There’s a sense in which this new movie about a DJ and his three friends living in Los Angeles’ Valley and trying to carve out a place for themselves is like a sub-Entourage story about flagrant wealth and dudebros being alpha 4ssholes (not that I’ve seen Entourage, but that seems to be the gist of it). Except that criticism seems unfair to me. Yes the film deals with some unpleasant male pathologies of entitlement — focused around Wes Bentley’s veteran DJ James, who has the apartment and the lifestyle — but our central character Cole (Zac Efron) and his buddies are very far from the wealth and the glitz, and the film is never less than clear that their lifestyle and aspirations are rather pathetic. That’s not enough to redeem the film — just because it knows these guys are d1cks, doesn’t make it any more fun to watch them — but for me, Zac Efron’s charismatic leading role just about is. Efron is one of the finest actors of the modern era, a smouldering pin-up Disney poster boy originally, but with the ability to infuse even the most wan and underwritten characters with genuine pathos. His inscrutable air seems to lend moral depth where there probably is none, making his Cole here a compulsively watchable protagonist. Still, it’s not quite enough to redeem a film that, even for one such as myself who is not nor ever has been a dance music DJ, seem facile: there’s an over-reliance on on-screen graphics to get us into the mindset of a DJ, all x-ray vision of hearts beating, and text hymning the power of 128 beats-per-minute (even as we learn there are other dance music styles which are slower and faster than this), and when it gets to its core message about finding one’s own voice, emphasising the musical authenticity of sampling real-world sounds and actual musical instruments, it kinda loses me. It also ropes in its female lead and Cole’s love interest, Sophie (Emily Ratajkowski), for one particularly flat scene where she just has to dance seductively at him while he plies his magical art and mansplains a bunch of stuff that she at least has the acting talent to pretend isn’t really obvious, but the audience surely aren’t so fooled. So yeah, these guys, they’re not my friends, and I remain unclear as to why some of them are anyone’s friends, but the film makes Los Angeles look pretty special, and it proves once again that a poor script and a dudebro mentality is no impediment to the pure expression of Efron’s acting art (not that I’m about to watch That Awkward Moment to bolster my argument).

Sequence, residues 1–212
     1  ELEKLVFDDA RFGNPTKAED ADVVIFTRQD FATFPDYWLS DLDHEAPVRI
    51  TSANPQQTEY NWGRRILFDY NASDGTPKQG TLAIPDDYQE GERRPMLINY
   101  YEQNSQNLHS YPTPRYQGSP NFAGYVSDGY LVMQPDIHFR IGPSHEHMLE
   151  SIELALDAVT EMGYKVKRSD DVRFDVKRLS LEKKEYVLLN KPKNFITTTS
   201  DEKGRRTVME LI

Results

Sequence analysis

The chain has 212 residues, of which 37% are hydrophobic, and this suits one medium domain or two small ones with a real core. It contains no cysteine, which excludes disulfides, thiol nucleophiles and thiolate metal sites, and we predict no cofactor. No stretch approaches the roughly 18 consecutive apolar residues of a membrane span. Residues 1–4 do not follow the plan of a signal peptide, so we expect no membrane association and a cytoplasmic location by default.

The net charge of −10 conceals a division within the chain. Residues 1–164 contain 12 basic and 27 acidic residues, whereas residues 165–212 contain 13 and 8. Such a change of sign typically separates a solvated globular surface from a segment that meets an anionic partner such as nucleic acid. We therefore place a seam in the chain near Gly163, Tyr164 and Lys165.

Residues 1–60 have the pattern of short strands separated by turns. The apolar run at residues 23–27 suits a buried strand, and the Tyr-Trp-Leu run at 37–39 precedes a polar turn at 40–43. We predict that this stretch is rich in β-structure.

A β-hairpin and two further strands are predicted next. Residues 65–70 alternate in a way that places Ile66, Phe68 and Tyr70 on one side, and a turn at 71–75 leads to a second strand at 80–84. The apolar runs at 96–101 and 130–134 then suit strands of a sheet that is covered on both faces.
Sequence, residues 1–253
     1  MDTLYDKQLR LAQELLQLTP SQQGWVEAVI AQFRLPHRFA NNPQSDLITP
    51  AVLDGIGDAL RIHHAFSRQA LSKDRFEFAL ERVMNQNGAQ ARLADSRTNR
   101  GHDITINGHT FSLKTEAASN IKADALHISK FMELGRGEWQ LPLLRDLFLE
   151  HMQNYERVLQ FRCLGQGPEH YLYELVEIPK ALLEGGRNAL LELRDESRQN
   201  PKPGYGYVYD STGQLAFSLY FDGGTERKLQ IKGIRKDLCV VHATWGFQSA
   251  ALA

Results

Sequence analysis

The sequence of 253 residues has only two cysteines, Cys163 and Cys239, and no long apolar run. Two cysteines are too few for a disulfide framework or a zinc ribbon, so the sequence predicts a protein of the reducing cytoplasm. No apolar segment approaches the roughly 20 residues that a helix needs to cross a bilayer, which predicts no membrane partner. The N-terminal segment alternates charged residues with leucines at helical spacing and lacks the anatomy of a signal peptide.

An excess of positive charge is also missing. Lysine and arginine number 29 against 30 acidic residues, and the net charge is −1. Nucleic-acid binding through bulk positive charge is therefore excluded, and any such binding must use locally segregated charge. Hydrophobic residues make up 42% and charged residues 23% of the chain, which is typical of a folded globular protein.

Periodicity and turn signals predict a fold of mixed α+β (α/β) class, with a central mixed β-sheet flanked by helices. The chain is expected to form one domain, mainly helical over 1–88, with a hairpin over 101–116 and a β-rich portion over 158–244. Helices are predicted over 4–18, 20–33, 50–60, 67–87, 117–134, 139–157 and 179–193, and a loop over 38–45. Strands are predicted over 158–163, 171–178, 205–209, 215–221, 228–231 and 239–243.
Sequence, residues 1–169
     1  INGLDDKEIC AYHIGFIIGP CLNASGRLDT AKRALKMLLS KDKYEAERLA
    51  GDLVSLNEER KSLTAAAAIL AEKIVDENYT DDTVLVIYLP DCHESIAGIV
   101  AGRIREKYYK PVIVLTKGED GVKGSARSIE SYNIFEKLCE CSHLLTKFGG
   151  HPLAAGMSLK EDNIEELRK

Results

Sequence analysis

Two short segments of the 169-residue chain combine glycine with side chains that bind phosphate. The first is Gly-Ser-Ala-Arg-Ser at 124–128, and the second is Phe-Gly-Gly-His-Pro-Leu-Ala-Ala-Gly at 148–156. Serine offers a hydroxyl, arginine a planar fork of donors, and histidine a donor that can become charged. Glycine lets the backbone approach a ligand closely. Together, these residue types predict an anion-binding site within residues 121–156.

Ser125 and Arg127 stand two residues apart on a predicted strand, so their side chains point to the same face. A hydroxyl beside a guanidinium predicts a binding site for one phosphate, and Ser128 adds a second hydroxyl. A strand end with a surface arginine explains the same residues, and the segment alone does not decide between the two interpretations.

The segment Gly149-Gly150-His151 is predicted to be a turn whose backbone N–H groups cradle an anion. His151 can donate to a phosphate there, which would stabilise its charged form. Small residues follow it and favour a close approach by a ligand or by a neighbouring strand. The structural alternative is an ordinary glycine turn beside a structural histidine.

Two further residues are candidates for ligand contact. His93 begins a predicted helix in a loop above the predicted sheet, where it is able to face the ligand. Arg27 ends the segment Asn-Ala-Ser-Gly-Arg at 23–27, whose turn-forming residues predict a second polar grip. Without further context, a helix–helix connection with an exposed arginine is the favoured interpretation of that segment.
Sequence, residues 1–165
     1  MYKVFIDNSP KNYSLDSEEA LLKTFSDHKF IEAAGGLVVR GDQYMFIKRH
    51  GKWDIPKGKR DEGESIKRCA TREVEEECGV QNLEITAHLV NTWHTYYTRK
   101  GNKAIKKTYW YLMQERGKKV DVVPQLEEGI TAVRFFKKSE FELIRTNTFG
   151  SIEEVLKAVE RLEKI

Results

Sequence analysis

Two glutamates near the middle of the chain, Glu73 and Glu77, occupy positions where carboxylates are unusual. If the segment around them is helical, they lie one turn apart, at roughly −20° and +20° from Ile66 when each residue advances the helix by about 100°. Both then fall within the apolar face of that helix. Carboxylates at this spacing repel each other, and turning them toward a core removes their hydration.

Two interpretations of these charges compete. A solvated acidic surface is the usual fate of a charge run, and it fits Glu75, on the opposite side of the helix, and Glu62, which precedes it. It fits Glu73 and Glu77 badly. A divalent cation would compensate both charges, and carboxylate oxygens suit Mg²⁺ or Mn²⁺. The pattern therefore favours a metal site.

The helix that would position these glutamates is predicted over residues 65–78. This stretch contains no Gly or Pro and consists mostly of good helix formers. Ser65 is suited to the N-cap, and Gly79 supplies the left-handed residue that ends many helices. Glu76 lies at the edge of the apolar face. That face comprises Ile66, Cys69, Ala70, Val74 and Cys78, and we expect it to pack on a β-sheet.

Director Max Joseph; Writers Joseph and Meaghan Oppenheimer; Cinematographer Brett Pawlak; Starring Zac Efron, Wes Bentley, Emily Ratajkowski; Length 96 minutes.
Seen at Cineworld Haymarket, London, Thursday 27 August 2015.